In our continuing discussion of
central nervous system infections,
we turn now to brain abscess.
50% of cases are due to
contiguous suppurative spread.
In other words, there's a focus
of pus somewhere near the brain.
For example, from osteomyelitis of
the frontal sinus or the sphenoid sinus.
Trauma accounts for about 10% of the cases,
which allow organisms direct access via a skull fracture.
And I want to tell you about an interesting patient I saw
that was involved on a baseball team
and one of his jobs was helping
to clean up the baseball diamond.
And he had a small electric
cart that he was driving around
that had some utensils like rakes on it
to rake up the grass and rake up the dirt
and he tried to drive that
cart through a narrow gate.
And when he did that,
it set the rake up into the air
flipping end over end and the rake –
the tines of the rake impaled
him in the side of the head,
penetrated his skull bone and gave
him a brain abscess due to soil born organism.
I thought that was an extremely strange and interesting occurrence.
But trauma is responsible for about 10% of the cases.
25% of the cases are the result of organisms –
microorganisms getting into the
bloodstream from another focus.
Say, from infective endocarditis.
And by the way,
if somebody has a brain abscess
due to an organism that is a common cause of endocarditis,
a careful evaluation for endocarditis should be done.
Lung abscess can also be responsible for
bacteria getting into the bloodstream
and alighting in the
brain HIV and IV drug use.
15% of the cases,
we’re not exactly
sure how the organisms got to the brain.
Bacteria are by far the most
common causes of brain abscess
and frequently involve other streptococci
which colonize mucosal surfaces.
And these are normal flora.
But because the mucosal surfaces
also are teeming with other organisms,
you would expect mixed
infections in a lot of patients.
Staph aureus is responsible for
about 10 to 20% of brain abscesses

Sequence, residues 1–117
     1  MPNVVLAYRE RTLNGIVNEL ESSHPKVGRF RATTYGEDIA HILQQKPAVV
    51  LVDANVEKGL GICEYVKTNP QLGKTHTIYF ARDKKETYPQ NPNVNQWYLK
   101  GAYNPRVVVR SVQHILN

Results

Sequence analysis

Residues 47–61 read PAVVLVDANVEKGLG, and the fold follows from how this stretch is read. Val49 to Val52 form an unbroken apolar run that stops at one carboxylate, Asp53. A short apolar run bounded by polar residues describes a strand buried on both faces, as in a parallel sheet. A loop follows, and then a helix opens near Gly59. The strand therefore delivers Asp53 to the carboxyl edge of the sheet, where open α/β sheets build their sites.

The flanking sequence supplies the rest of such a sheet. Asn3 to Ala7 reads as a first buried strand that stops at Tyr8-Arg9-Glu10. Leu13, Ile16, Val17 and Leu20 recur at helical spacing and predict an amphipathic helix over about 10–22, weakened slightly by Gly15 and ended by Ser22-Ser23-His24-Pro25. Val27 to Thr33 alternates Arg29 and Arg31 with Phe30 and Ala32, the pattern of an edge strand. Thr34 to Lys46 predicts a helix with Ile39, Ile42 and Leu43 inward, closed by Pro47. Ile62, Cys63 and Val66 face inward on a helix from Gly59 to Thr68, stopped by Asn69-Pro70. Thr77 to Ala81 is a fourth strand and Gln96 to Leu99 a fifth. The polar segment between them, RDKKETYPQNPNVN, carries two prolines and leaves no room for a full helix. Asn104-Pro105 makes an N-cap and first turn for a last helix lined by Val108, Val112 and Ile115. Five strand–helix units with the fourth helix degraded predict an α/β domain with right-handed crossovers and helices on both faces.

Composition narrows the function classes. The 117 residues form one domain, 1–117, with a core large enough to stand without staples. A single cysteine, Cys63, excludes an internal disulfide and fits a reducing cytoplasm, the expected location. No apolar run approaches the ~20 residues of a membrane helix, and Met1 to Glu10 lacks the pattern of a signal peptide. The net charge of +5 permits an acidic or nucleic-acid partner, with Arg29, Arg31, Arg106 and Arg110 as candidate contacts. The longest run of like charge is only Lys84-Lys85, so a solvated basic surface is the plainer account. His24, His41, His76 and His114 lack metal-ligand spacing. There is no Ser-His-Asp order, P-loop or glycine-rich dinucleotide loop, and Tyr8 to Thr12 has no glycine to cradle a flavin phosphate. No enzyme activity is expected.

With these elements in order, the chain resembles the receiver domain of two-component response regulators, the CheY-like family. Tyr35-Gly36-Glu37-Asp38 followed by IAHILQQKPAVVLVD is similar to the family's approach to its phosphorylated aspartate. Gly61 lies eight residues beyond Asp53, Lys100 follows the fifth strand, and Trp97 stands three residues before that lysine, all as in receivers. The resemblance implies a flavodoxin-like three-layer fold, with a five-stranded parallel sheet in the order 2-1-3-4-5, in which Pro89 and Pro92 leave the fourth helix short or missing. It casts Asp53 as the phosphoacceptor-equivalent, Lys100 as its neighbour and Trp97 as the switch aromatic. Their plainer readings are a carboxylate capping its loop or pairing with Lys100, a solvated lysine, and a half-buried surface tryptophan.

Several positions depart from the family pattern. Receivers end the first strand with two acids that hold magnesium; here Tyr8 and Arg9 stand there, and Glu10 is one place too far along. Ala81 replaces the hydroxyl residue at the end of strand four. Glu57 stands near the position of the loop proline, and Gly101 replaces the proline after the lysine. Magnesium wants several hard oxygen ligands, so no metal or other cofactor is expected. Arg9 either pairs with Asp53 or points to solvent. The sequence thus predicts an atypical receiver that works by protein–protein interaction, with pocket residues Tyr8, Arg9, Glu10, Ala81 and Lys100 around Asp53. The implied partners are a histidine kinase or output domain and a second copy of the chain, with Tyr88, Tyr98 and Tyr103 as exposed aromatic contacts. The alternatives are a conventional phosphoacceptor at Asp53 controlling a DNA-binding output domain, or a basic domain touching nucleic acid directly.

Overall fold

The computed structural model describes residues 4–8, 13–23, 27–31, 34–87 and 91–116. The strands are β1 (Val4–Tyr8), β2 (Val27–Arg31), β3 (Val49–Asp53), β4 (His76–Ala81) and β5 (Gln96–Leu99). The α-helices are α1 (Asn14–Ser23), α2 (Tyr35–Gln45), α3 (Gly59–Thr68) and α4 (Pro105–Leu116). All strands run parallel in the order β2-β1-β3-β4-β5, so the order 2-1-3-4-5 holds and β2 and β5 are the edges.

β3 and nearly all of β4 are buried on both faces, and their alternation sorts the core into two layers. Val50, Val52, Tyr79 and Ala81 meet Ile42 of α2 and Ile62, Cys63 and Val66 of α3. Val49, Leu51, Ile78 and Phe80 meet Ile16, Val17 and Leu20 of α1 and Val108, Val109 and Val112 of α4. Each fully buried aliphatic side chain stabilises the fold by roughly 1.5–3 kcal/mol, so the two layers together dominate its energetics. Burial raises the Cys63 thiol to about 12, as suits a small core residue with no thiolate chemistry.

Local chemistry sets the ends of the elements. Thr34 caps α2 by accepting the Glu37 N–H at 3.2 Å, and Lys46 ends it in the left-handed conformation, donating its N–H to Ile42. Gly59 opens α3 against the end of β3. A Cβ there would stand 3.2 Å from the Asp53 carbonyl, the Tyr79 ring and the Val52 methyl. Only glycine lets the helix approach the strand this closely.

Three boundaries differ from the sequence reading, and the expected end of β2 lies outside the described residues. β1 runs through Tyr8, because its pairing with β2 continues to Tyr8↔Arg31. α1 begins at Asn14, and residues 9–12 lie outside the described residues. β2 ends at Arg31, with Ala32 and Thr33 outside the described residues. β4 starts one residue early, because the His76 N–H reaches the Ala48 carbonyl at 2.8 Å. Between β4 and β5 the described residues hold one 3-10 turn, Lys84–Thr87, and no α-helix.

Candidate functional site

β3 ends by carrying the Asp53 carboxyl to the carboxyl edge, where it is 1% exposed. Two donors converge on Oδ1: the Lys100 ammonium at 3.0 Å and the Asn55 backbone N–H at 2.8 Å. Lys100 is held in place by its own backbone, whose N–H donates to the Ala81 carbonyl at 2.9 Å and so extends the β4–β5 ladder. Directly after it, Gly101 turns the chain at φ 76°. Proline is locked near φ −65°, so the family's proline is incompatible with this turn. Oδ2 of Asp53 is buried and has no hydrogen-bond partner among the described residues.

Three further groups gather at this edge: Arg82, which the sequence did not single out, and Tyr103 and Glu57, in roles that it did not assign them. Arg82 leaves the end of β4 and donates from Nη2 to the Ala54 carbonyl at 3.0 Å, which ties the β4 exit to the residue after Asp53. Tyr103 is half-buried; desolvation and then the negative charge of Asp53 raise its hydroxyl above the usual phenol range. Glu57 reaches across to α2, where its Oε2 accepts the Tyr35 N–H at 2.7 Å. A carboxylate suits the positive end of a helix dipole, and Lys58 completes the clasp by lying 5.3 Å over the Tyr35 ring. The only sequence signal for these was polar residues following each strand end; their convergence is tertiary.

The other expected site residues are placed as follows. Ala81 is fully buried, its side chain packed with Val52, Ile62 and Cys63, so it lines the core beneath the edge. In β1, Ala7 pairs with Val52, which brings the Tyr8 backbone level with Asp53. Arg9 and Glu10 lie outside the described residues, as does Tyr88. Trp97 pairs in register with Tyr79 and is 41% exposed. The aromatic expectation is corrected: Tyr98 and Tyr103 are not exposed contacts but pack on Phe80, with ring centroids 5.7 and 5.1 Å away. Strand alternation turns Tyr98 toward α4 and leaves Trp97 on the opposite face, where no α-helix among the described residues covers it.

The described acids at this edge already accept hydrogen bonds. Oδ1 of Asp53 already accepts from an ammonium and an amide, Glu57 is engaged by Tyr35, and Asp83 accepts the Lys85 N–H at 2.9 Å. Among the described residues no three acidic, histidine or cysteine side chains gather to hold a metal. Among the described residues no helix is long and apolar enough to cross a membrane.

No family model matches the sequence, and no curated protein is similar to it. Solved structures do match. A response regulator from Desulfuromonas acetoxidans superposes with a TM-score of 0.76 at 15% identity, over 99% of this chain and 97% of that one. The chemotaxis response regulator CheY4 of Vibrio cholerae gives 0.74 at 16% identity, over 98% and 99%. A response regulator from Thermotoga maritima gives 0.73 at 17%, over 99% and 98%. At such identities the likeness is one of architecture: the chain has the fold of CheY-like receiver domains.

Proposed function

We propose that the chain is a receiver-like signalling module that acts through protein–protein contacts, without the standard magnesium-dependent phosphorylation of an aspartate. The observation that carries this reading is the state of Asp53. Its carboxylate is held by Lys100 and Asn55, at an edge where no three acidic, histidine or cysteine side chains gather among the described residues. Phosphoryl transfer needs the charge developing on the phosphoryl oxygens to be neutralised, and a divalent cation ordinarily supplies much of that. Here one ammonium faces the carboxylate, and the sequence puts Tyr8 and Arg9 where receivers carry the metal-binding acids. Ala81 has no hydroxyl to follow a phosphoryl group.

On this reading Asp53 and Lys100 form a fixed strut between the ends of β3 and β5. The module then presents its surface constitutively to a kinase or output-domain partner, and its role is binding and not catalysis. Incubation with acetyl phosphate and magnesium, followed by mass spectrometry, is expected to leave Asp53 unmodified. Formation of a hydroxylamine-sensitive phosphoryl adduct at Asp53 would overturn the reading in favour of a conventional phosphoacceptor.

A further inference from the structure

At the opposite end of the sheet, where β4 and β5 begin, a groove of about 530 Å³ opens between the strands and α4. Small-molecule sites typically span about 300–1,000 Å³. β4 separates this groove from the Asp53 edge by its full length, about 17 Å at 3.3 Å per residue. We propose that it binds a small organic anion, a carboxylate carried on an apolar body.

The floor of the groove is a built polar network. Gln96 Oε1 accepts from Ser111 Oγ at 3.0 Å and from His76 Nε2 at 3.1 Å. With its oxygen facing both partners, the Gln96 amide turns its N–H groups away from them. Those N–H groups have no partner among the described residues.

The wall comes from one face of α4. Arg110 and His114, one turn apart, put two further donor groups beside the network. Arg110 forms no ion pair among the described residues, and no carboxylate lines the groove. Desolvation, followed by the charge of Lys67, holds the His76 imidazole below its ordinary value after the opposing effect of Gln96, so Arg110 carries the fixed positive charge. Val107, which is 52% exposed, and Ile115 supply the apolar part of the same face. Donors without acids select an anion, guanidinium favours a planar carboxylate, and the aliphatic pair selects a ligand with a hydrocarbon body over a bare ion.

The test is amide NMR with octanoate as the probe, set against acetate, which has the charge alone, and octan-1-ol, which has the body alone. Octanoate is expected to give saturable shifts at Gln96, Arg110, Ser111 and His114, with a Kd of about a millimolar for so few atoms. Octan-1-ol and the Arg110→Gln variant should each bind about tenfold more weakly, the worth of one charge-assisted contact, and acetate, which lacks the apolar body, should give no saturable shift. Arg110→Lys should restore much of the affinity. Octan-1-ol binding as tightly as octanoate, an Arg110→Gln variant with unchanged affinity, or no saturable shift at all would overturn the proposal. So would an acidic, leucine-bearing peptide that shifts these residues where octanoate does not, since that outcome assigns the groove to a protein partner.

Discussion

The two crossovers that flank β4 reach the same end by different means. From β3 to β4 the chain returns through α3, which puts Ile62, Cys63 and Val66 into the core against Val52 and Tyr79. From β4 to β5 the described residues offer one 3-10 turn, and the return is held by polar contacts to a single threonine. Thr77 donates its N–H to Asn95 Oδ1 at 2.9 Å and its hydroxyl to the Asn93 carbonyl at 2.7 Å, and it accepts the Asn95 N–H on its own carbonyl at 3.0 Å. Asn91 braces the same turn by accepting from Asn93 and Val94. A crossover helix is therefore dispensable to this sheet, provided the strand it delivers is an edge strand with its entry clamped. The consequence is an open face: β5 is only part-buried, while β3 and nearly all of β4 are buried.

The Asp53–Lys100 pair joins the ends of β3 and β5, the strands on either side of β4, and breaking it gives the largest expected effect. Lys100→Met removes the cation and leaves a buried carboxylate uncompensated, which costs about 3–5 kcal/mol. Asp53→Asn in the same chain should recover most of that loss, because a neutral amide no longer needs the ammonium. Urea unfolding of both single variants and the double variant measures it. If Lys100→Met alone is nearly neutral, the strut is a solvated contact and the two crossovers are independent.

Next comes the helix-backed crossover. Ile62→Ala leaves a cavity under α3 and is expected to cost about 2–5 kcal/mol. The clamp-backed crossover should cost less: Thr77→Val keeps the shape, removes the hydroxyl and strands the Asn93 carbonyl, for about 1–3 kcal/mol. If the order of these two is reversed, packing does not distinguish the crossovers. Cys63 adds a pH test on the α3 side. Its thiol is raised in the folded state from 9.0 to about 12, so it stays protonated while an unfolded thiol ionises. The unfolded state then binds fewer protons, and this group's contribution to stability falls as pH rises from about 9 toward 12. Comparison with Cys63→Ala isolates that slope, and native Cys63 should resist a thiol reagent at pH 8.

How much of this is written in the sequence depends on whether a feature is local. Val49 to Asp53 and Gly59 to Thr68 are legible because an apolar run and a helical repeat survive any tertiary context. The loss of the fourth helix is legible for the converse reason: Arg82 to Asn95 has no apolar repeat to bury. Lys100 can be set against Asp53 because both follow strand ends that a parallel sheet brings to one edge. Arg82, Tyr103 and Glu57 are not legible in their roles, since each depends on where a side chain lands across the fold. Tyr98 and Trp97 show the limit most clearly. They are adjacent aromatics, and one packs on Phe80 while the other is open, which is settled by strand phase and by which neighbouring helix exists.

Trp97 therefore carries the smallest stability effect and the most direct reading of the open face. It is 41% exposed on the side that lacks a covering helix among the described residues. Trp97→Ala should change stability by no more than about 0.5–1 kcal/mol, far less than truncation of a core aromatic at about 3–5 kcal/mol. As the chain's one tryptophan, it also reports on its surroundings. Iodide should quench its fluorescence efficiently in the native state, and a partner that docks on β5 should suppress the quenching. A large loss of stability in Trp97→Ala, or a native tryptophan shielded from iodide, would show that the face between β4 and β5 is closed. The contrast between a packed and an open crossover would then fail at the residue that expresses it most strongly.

and these are usually not large brain abscesses.
I think I have mentioned
in other presentations that
life on human beings is predominantly anaerobic,
especially on mucosal surfaces
where anaerobes outnumber the
aerobes from 10 to 1 to 1000 to 1.
And here's an example of Prevotella,
which is an anaerobic organism,
gram-negative rod that you find
frequently in the oropharynx.
Nocardia is a soil-born organism,
but you particularly can encounter this organism
who don't handle it well in
So, it may get into the lungs
patients and from there disseminate.
And what you're seeing in this particular slide
is a very filamentous,
acid fast rod of Nocardia.
Fungi can cause brain abscess
and the ones that cause
it most commonly are these,
And what you're seeing in this
particular view is an elongate bud,
which is called a pseudohypha
with yeast budding from it.
Classic for Candida.
Aspergillus is a filamentous organism.
And what you should notice about
this particular organism is that it
tends to look like it's flowing
in one direction and that's
because the organisms as they divide,
one trunk divides into two,
so-called dichotomous branching,
and that's why the organisms in a
tissue section appear to be flowing.
And Aspergillus accounts for 10% to 20%
of all cases of invasive brain abscesses.
one of the bread molds,
is also responsible for brain abscess
and it’s usually in a person with ketoacidosis.
And the classic,
is a diabetic in ketoacidosis.
And there are other bread molds,
but the spores from these bread molds are ubiquitous.
All of us inhale them daily,
but we have
a normal immune system and
we do not have ketoacidosis.
If you provide an acidic environment,
these organisms can invade blood vessels.
Scedosporium apiospermum is an organism
that you frequently find in freshwater.
And that's why it has an association
not only with neutropenia,